The preseason news that Diana Taurasi would miss 10 to 12 weeks with a back injury muted the expectations for the Mercury, but no one should count them out. Taurasi is expected back for much of the season, while the other two stars in Phoenix’s Big Three, center Brittney Griner and guard DeWanna Bonner, are ready to again be among the most unguardable post and wing players in the league. Griner continues to expand her range outward while blocking shots, and Bonner does a bit of everything. The Mercury also have a stockpile of shooters: Briann January and her 47 percent shooting from 3 and an infusion of young talent in this year’s draft, including Alanna Smith, a 6-foot-4 inside-outside threat from Stanford, and the intense guard Sophie Cunningham.
Los Angeles Sparks
On paper, this should be a dominant team. Just a year removed from a W.N.B.A. finals appearance and with significant additional talent, the Sparks are a fashionable pick to win it all. But there are still unanswered questions, from the status of Candace Parker (out three to 5 weeks with a hamstring strain) to how their group of bigs — Parker, Chiney Ogwumike, Nneka Ogwumike and the rookie Kalani Brown — can coexist. It’ll be up to first-year coach Derek Fisher to figure it out, and he’ll have plenty of help from Alana Beard, the defensive master guard, and Chelsea Gray, the league’s best all-around point guard.
With Maya Moore and Lindsay Whalen gone, and Rebekkah Brunson still recovering from a concussion, Lynx Coach Cheryl Reeve has assembled a younger, quicker team to try to maximize the continued peak of Sylvia Fowles in 2019. Reeve has two waves of players dedicated to the task. An active free agency brought in the wings Damiris Dantas, Karima Christmas-Kelly and Stephanie Talbot at the wings, while Danielle Robinson will run the point. There’s also a group of impressive young additions, like Napheesa Collier, who starred at Connecticut, Jessica Shepard out of Notre Dame and Lexie Brown, a combo guard in her second season who came over in a trade with the Sun.
New York Liberty
It’s a time of new beginnings for Liberty Coach Katie Smith’s crew. Asia Durr, the second overall pick in the 2019 draft, is a fearless penetrator set to be perimeter counterpoint to the best power forward in the league, Tina Charles. Kia Nurse, after a promising rookie campaign, can help the Liberty at multiple positions. The Liberty re-signed Amanda Zahui B., an effective stretch-5, and Rebecca Allen, a shooter at the wing who can block some shots, while Brittany Boyd is back to gather steals in bunches while holding down the point guard spot. Han Xu is a 6-foot-9 project, but her soft touch and size could provide meaningful contributions right away.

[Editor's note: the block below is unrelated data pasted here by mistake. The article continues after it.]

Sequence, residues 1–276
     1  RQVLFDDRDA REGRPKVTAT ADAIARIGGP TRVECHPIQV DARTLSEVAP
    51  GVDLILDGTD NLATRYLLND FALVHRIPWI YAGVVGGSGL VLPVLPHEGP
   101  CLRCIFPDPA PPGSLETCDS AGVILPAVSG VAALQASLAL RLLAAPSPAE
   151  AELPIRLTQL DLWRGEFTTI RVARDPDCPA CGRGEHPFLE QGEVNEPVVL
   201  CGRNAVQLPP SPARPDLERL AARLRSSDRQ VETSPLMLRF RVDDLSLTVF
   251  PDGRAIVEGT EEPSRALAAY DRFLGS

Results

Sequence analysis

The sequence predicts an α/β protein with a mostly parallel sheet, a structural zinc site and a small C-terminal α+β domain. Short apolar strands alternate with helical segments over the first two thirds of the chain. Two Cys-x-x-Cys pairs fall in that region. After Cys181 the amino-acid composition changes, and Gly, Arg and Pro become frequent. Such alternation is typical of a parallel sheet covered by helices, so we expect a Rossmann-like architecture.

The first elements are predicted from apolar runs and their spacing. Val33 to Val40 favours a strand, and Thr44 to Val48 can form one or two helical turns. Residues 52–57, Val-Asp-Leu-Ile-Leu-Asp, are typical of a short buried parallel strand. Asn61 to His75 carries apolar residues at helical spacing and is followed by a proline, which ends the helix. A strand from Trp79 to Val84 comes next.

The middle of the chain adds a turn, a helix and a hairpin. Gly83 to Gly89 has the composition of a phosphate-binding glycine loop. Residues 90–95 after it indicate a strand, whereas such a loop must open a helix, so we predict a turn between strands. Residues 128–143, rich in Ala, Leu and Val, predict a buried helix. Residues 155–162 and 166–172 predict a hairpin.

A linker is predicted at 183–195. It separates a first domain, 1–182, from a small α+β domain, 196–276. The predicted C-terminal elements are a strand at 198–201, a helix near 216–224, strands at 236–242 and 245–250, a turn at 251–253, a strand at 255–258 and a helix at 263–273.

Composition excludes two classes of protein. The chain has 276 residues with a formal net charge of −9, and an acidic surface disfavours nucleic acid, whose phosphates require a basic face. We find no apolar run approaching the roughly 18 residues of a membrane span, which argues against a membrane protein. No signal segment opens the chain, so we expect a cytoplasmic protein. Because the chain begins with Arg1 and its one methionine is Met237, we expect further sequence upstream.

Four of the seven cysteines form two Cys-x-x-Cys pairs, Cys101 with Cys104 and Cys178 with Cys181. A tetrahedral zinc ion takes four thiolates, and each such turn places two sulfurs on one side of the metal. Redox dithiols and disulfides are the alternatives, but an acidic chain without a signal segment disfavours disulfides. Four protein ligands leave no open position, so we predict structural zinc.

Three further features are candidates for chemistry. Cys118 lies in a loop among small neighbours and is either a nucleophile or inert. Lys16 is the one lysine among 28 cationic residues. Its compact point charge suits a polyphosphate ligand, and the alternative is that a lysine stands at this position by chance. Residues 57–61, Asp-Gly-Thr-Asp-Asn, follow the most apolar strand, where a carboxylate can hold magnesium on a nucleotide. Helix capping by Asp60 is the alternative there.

The Sky are starting over with a new head coach/general manager, James Wade, who was most recently an assistant with Cheryl Reeve and the Lynx. How he fits last year’s defensively-challenged group into a faster-paced squad capable of getting stops is still largely unknown. He’s working with plenty of talent, including last year’s lottery picks, wings Diamond DeShields (a legit Defensive Player of the Year candidate) and Gabby Williams, along with this year’s fourth overall pick, the shooter extraordinaire Katie Lou Samuelson. The reigning 3-point contest winner, Allie Quigley, and last season’s leader in assist percentage, Courtney Vandersloot, return to hold down the backcourt.
It’s hard to think of a team that suffered more significant reversals in such a short time. First came an Achilles’ injury to Breanna Stewart that will cost the 2018 M.V.P. the season. Then Storm Coach Dan Hughes, who led Seattle to a championship last year, was diagnosed with cancer, putting him out indefinitely. On Tuesday, the team announced that Sue Bird will be out indefinitely as well, with arthroscopic surgery planned for her left knee. To be sure, there is talent in Seattle: Natasha Howard, last year’s most improved player, will be expected to assume front line scoring duties; Jewell Loyd has steadily improved her efficiency while creating her own shot, and Jordin Canada looks ready to assume play-calling duties. But it would be difficult for any team to weather one of these health crises, let alone all three in one season.
The long-sought rim protector is in town. With the third overall pick in this year’s draft, the Fever nabbed Teaira McCowan, who will immediately bring rebounding and blocking to a team that finished last in both in 2018. Shenise Johnson is back after missing last season, and she’ll be joined in the backcourt by Kelsey Mitchell, the second overall pick in 2018 who began harnessing her unstoppable speed and athleticism as a rookie last year. But the Fever were just 6-28 last season, and Victoria Vivians, another talented young player, got hurt playing in Israel and will miss the season. McCowan will help, but she likely won’t help enough to keep the Fever out of the lottery.